Archive for August 31, 2005

Be kind to your four-legged friends

August 31, 2005

My friend Josiah lives in New Orleans. He’s hard enough to get in touch with even when he’s not in the middle of the worst national disaster in American history, and I certainly haven’t heard from him since Hurricane Katrina hit. But one of our college housemates managed to track down his parents, who relate that he is currently holed up in the veterinary hospital where his girlfriend works (worked?), alone with all the animals. I hope they are okay; I hope they can keep the animals comfortable and safe.

I’ve already donated to the Red Cross, and I’m sure most of you have done so through it or a similar organization. But please remember that thousands and thousands of animals, like the ones in Josiah’s veterinary hospital, have been killed or injured or left homeless, stranded, sick, or starving. Please consider donating (a little or a lot) to the hurricane relief funds of one of these organizations, dedicated to helping these most helpless of victims.

The Humane Society

The American Humane Association


I’ve already heard heartbreaking stories about pets left behind or washed away; perhaps your donation to one of these groups will give a new story a happy ending.

Many more relief donation links may be found here. Whatever you end up deciding to do, please do whatever you can.

The Big Eerie

August 28, 2005

New Orleans is one of the world’s great cities for horror. It’s the kind of place I can tell I’d love without ever having visited it myself. It’s also, if the countless documentaries I’ve seen on the Discovery/History/A&E/Travel/SciFi channels are any indication, one of the most heavily haunted places in America. My deepest wish right now is that it get no more heavily haunted than normal by day’s end tomorrow. Please stay safe, everybody. (Especially my friends Josiah and Rose–I’m thinking of you.)

As a small salute to this wonderful town, here are a few links to some of NO’s horror notables. Keep all of them–living or dead–in your thoughts tonight.

Poppy Z. Brite

Poppy Z. Brite’s LiveJournal

Anne Rice

Haunted New Orleans (lots of linked articles)

“The New Orleans Axeman”–unsolved serial killings (at

“Queen of Voodoo” Marie Laveau Wikipedia entry

Marie Laveau biography page

Marie Laveau’s tomb

New Orleans Voodoo information page

Vodun history and information

New Orleans and its ghosts

New Orleans haunted houses (with pictures)

“Cities of the Dead”–New Orleans cemeteries

Lafayette Cemetery inventory/index

nine inch nails–longtime (now former) New Orleans residents

School’s out

August 26, 2005

I thought I would LOVE doing this meme I saw at Bill Sherman’s and Johnny Bacardi’s:

A. Go to

B. Enter the year you graduated from high school in the search function.

C. Bold for the songs you like, strike through the ones you hate and underline your favorite. Do nothing to the ones you don’t remember (or don’t care about).

I thought I would love doing it, until I saw what songs were big in 1996. Feast your eyes, glut your soul:

The Top 100 Songs of 1996

1. Macarena (Bayside Boys Mix), Los Del Rio

2. One Sweet Day, Mariah Carey and Boyz II Men

3. Because You Loved Me, Celine Dion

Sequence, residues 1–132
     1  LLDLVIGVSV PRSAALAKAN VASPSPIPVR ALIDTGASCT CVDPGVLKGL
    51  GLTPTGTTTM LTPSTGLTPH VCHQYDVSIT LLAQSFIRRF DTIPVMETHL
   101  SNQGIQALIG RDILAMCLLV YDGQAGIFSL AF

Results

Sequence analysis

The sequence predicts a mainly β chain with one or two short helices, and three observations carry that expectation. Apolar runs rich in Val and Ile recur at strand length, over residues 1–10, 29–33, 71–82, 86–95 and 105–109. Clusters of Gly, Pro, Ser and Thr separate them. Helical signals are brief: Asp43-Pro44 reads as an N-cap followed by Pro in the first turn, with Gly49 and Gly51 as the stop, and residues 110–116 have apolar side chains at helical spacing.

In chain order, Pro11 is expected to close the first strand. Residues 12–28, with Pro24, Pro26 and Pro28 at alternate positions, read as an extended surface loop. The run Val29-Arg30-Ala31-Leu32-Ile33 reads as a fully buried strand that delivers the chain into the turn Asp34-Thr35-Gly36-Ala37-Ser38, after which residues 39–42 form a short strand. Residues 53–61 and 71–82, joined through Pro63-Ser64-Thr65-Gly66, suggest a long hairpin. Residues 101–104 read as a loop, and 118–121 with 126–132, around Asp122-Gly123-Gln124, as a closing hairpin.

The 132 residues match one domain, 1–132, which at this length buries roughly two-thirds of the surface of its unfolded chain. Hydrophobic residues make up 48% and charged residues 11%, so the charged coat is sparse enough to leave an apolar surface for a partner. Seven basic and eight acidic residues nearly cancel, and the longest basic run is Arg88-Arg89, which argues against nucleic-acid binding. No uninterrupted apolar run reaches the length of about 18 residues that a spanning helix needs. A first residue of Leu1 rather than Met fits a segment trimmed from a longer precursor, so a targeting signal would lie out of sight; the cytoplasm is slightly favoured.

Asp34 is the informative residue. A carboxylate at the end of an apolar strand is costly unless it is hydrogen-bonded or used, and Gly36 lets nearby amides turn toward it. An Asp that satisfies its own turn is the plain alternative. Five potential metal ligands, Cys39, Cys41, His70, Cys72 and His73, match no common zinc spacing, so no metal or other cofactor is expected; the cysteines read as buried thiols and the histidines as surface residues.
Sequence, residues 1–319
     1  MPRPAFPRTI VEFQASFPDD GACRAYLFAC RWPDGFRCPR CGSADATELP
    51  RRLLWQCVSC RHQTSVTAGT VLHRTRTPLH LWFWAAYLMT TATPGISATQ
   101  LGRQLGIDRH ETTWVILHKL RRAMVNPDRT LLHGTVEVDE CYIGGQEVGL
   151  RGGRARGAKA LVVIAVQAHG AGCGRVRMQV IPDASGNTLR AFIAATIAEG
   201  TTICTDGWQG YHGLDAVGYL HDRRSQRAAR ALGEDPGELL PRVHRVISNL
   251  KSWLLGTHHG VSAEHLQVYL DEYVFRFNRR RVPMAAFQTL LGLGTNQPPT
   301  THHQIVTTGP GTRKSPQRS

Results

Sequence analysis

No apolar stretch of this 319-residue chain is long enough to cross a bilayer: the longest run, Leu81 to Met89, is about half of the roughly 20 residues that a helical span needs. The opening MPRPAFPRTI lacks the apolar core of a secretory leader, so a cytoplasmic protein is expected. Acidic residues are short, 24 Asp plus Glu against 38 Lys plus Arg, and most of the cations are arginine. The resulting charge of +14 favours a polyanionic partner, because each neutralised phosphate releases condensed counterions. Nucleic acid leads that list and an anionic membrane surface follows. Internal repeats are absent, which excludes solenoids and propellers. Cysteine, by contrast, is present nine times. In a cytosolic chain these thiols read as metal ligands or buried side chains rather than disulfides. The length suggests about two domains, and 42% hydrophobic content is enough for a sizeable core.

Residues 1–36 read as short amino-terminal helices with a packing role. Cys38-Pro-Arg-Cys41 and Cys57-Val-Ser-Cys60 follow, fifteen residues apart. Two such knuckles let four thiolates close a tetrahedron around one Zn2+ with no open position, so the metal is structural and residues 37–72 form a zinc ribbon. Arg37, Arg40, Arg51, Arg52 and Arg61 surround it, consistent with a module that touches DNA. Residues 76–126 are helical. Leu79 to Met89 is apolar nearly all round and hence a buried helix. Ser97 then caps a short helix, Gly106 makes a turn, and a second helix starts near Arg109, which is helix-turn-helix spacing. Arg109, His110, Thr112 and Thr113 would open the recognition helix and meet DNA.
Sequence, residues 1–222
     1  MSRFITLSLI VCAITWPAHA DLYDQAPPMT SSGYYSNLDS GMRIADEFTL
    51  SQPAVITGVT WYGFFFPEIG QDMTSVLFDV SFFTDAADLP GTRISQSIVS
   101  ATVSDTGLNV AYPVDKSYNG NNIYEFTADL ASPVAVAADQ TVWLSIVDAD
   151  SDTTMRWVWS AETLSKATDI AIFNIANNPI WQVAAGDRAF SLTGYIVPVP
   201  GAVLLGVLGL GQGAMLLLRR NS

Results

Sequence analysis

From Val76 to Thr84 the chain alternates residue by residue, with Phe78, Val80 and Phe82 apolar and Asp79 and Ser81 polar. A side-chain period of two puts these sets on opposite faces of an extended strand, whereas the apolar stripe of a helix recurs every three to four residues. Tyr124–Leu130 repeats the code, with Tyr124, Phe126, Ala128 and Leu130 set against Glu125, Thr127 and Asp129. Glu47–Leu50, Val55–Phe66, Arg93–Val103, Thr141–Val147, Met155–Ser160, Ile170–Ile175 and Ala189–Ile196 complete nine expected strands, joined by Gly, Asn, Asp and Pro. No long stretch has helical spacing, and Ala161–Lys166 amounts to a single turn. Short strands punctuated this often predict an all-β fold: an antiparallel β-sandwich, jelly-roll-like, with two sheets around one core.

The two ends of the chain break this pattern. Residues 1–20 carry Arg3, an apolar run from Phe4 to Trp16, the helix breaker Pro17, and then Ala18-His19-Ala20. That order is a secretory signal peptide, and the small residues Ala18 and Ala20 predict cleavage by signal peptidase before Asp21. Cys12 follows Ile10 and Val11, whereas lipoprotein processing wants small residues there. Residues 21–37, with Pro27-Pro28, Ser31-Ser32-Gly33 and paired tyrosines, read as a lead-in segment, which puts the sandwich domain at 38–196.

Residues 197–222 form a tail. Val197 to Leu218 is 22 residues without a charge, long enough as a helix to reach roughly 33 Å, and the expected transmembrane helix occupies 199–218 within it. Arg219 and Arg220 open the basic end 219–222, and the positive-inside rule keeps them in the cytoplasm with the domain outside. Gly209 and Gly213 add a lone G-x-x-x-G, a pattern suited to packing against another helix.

4. Nobody Knows, Tony Rich Project

5. Always Be My Baby, Mariah Carey

6. Give Me One Reason, Tracy Chapman

7. Tha Crossroads, Bone Thugs-N-Harmony

8. I Love You Always Forever, Donna Lewis

9. You’re Makin’ Me High / Let It Flow, Toni Braxton

10. Twisted, Keith Sweat

11. C’mon N’ Ride It (The Train), Quad City Dj’s

12. Missing, Everything But The Girl

13. Ironic, Alanis Morissette

14. Exhale (Shoop Shoop), Whitney Houston

15. Follow You Down / Til I Hear It From You, Gin Blossoms

16. Sittin’ Up In My Room, Brandy

17. How Do U Want It / California Love, 2Pac

18. It’s All Coming Back To Me Now, Celine Dion

19. Change The World, Eric Clapton

20. Hey Lover, LL Cool J

21. Loungin, LL Cool J

22. Insensitive, Jann Arden

23. Be My Lover, La Bouche

24. Name, Goo Goo Dolls

25. Who Will Save Your Soul, Jewel

26. Where Do You Go, No Mercy

27. I Can’t Sleep Baby (If I), R. Kelly

28. Counting Blue Cars, Dishwalla

29. You Learn / You Oughta Know, Alanis Morissette

30. One Of Us, Joan Osborne

31. Wonder, Natalie Merchant

32. Not Gon’ Cry, Mary J. Blige

33. Gangsta’s Paradise, Coolio

34. Only You, 112 Featuring The Notorious B.I.G.

35. Down Low (Nobody Has To Know), R. Kelly

36. You’re The One, SWV

37. Sweet Dreams, La Bouche

38. Before You Walk Out Of My Life / Like This And Like That, Monica

39. Breakfast At Tiffany’s, Deep Blue Something

40. 1, 2, 3, 4 (Sumpin’ New), Coolio

41. The World I Know, Collective Soul

42. No Diggity, BLACKstreet (Featuring Dr. Dre)

43. Anything, 3t

44. 1979, The Smashing Pumpkins

45. Diggin’ On You, TLC

46. Why I Love You So Much / Ain’t Nobody, Monica

47. Kissin’ You, Total

48. Count On Me, Whitney Houston and Cece Winans

49. Fantasy, Mariah Carey (Ol’ Dirty Bastard version only)

50. Time, Hootie and The Blowfish

51. You’ll See, Madonna

52. Last Night, Az Yet

53. Mouth, Merril Bainbridge

54. The Earth, The Sun, The Rain, Color Me Badd

55. All The Things (Your Man Won’t Do), Joe

56. Wonderwall, Oasis

57. Woo-hah!! Got You All In Check / Everything Remains Raw, Busta Rhymes

58. Tell Me, Groove Theory

59. Elevators (Me and You), Outkast

60. Hook, Blues Traveler

61. Doin It, LL Cool J

62. Fastlove, George Michael

63. Touch Me Tease Me, Case Featuring Foxxy Brown

64. Tonite’s Tha Night, Kris Kross

65. Children, Robert Miles

66. Theme From Mission: Impossible, Adam Clayton and Larry Mullen

67. Closer To Free, Bodeans

68. Just A Girl, No Doubt

69. If Your Girl Only Knew, Aaliyah

70. Lady, D’angelo

71. Key West Intermezzo (I Saw You First), John Mellencamp